How To Get Ready For Freelancing

Whether you are going freelance because you want to work for yourself, you have recently become redundant or lost your job or just want to earn some extra income – you should make sure you’re ready for it.

Luckily, millions of people across the globe have gone freelance – meaning you don’t need to make the mistakes they did.

The freelancing industry is bigger than it has ever been, and there is almost nothing that you can’t do from the comfort of your own home now. But to get ready, there are a couple of things you need to think about and a few things you need to do.

The first is, what is the eventual goal? Is it to have freelancing on the side only, or have it as a full-time business? Assuming you already know what you want to do, here are tips on how to get it up and running.

What are you offering

Defining what it is that you are offering means you can quickly put together a website and packages that suit what you want to do. For every package or service you have, explain what it is, what the benefit is, and why they need it. Remember that you are solving their problems – so make sure to tell them what it is you can solve.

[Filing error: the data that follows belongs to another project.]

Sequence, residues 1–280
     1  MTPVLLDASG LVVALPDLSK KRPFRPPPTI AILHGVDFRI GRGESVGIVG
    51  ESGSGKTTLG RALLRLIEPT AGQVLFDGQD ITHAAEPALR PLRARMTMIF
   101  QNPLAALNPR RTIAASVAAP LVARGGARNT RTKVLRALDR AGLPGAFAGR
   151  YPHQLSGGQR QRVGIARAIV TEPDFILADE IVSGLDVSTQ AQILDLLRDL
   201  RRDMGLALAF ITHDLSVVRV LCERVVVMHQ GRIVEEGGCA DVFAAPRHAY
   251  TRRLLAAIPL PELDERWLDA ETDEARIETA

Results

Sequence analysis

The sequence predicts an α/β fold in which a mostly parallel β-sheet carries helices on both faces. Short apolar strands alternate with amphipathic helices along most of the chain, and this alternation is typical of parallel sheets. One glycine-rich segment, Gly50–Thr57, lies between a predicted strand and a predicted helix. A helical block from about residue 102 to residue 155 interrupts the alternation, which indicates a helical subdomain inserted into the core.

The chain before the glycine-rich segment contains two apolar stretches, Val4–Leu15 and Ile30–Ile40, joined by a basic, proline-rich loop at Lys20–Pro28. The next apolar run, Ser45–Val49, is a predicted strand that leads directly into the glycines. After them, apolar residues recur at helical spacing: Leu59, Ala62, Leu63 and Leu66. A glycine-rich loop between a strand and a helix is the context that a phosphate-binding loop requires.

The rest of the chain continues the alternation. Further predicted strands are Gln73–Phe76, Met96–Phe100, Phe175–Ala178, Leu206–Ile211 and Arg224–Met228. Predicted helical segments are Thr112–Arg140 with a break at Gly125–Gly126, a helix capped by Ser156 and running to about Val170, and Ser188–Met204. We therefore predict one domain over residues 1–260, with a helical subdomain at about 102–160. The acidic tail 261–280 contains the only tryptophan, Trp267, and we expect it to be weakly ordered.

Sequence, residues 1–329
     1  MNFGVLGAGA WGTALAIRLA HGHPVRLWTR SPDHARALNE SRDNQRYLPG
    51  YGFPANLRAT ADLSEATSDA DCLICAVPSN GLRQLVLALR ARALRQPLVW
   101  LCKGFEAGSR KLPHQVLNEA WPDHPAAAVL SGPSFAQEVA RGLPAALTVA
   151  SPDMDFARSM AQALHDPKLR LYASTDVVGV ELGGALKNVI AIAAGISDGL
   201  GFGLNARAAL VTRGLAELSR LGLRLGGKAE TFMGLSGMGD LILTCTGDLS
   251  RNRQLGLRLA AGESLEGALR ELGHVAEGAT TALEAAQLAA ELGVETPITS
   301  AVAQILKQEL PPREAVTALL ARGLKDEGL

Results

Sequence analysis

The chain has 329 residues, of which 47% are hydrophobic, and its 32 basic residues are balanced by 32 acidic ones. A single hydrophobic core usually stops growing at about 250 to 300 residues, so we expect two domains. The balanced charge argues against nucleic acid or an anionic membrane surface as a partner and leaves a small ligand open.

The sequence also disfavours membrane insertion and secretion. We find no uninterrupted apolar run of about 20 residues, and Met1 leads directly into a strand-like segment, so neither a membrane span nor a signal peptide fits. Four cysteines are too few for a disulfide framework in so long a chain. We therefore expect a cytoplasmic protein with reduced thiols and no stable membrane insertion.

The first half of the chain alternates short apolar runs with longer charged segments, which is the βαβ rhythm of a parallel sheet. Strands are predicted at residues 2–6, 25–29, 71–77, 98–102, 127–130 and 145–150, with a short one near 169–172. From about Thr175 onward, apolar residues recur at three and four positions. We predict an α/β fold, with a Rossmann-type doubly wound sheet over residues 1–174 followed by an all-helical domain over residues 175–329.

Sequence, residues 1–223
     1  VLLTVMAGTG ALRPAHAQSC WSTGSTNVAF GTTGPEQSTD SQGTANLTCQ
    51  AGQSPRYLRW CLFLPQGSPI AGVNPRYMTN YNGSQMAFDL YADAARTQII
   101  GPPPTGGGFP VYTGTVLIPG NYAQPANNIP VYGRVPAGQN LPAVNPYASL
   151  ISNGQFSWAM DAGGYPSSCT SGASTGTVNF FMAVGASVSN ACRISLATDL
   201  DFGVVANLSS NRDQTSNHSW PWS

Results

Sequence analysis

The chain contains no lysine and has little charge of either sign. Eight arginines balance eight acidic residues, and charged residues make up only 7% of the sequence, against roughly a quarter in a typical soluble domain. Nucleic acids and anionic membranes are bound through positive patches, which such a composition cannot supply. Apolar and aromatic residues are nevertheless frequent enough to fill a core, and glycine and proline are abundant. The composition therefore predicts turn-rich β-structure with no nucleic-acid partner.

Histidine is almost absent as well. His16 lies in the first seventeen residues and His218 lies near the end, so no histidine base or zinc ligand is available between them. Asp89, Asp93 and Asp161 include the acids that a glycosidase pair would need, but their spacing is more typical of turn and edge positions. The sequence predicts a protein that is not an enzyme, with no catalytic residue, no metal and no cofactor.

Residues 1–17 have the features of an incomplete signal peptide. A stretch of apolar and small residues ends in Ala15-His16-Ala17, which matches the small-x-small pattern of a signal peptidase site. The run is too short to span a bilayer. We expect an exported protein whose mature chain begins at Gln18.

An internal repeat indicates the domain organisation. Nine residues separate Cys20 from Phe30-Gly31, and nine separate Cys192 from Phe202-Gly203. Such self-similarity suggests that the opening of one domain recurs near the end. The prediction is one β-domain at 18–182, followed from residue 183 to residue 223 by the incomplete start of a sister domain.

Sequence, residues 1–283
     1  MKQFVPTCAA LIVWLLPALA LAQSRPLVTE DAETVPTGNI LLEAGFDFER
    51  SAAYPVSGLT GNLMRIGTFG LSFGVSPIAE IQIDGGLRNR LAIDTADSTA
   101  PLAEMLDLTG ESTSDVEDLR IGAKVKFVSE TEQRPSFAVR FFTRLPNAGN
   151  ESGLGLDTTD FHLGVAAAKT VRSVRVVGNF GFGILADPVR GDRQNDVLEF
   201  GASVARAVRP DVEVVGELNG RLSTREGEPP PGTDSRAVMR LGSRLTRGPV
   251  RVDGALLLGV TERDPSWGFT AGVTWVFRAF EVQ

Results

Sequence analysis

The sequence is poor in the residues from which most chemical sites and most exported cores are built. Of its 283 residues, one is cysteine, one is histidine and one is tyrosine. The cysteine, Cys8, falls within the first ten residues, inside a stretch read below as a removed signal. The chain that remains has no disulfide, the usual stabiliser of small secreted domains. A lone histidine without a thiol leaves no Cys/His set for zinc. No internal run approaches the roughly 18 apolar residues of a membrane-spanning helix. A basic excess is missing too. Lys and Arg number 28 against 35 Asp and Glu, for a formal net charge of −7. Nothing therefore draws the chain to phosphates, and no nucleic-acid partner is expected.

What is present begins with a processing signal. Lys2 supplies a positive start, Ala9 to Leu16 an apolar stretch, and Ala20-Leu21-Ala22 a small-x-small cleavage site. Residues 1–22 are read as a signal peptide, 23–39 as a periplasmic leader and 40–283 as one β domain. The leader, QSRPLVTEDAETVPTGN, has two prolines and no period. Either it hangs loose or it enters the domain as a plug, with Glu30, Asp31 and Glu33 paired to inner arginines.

Who needs the product? Who needs the service? That is your audience, and it is your job to find them and connect with them. Social media is a great start – but millions of people are using LinkedIn to position themselves as experts in their field and sign clients. 

But don’t be afraid to look for freelance job posting sites in your niche, and even pitch for some roles that are a little outside of your comfort zone (assuming you have some of the skills for it!). 

Look at your current network – is there anyone there who could introduce you to the right people? 


Pricing as a freelancer is always tricky to start with (and, for some people, forever). Think about why you are of value. You need to maximise your income potential while not pricing yourself out. Spend time looking at competitors; many have price indicators on their websites, and remember that people will pay more for experts and speed. 


For simplicity, it is better to register as self-employed when you first make the decision.  If you’re not sure if your work counts as self-employed, the HMRC has a handy guideline to let you know. Once you are registered, you will be expected to return your self-assessment on time every year to avoid a fine. The first few years can be worrisome for new freelancers, so it is better to go to a self assessment accountant and get it right. 

Starting is one thing, but keeping everything under control takes time and skill. Managing your workload and ensuring you are communicating effectively and more comes with time. But this guide can help you start: Creating a More Organised and Streamlined Online Business – Marketme.


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